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Health Highlights: Sept. 28, 2002

Hospital Use of Soap and Water May Soon Go Down the Drain New Govt. Rule Grants Health Care Rights to Fetuses Malaria-Carrying Mosquitoes Found in Va. 400,000 Pounds Of Tainted Beef Recalled Alarming Syphilis Rise Seen Among Gay Men Knowing That Your Memory Fails Is An Omen 2 Families Swap Kidneys Feds Urge Seasonal Heat Inspections

Here are some of the latest health and medical news developments, compiled by editors of The HealthDay Service:

Hospital Use of Soap and Water May Soon Go Down the Drain

In an environment where hand-washing can truly be a matter of life and death -- hospitals -- the trend may soon be to ditch soap and water altogether. In its place, advise experts, should be quick-drying alcohol gels.

According to research presented today at a meeting of the American Society for Microbiology, alcohol-based rinses are highly effective at killing hospital germs, reports the Associated Press.

Researchers at the Veterans Administration Medical Center in Washington, D.C., found that switching to the alcohol rinses two years ago resulted in a drop in drug-resistant staph infections by 21 percent, while resistant enterococcus dropped 43 percent. Both are serious, hospital-acquired infections.

More and more hospitals are reportedly using the quick-drying gels, which require no water and only need about 15 seconds to dry.


New Govt. Rule Grants Health Care Rights to Fetuses

The Bush administration has issued new rules that would allow states to define fetuses as children, thereby making them eligible for government-subsidized prenatal care under the federally funded Children's Health Insurance Program.

Under the new rules, the definition of children qualifying for care includes any individual under the age of 19, including those conceived but not yet born, reports The New York Times.

Tommy G. Thompson, secretary of health and human services, heralded the new rule as a way to increase the number of low-income women eligible for prenatal care. But critics call it a political maneuver to further the administration's anti-abortion agenda, and say the rule attempts to set a legal precedent for recognizing a fetus as a person.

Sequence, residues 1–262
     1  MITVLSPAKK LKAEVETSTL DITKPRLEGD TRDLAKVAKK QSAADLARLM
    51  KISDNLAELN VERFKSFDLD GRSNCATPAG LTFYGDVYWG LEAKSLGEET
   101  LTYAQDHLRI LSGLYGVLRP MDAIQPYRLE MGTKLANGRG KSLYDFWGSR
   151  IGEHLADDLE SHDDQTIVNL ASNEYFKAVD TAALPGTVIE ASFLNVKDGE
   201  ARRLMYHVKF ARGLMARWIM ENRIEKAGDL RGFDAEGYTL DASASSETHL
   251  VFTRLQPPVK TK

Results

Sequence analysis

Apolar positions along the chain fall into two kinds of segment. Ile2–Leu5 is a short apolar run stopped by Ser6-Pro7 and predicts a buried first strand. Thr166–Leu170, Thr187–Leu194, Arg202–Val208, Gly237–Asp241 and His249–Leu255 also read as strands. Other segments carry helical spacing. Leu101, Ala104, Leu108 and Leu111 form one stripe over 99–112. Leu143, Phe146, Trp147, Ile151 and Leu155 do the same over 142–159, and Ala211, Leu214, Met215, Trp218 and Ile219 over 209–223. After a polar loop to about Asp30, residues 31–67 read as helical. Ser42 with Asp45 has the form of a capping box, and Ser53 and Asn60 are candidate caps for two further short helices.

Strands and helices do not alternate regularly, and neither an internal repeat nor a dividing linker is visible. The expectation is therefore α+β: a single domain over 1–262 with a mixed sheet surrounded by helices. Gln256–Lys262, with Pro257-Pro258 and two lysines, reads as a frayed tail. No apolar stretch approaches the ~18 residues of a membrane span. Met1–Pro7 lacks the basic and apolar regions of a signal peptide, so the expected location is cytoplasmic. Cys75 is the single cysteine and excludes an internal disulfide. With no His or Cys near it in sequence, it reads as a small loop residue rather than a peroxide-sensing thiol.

States must now decide whether to add fetuses to their programs. Proponents and opponents of the rule say the debate will be heated.


Malaria-Carrying Mosquitoes Found in Va.

Health officials in Loudoun County, Va., say they have discovered mosquitoes carrying a malaria parasite in neighborhoods close to where two teens were infected over the summer in a rare outbreak of the disease.

The mosquitoes, found near the Potomac River outside of Washington, D.C., represent the first time in at least 20 years that malaria has been identified in an area of the United States where humans were also infected with the disease, reports the Washington Post.

Officials stress that, while the strain of malaria-causing parasite produces a very unpleasant form of malaria, it is easily treated and mild compared to the more notorious strain that has killed millions of people in developing nations.

More tests are being conducted by the Centers for Disease Control and Prevention to confirm the results, but the findings have prompted increased local anti-malaria measures, including the use of larvicide in areas where mosquitoes breed.


400,000 Pounds Of Tainted Beef Recalled

A Wisconsin meat-packing company has recalled about 400,000 pounds of beef that may have played a role in an outbreak of E. coli contamination that caused illness in 40 people in three states, reports the Associated Press.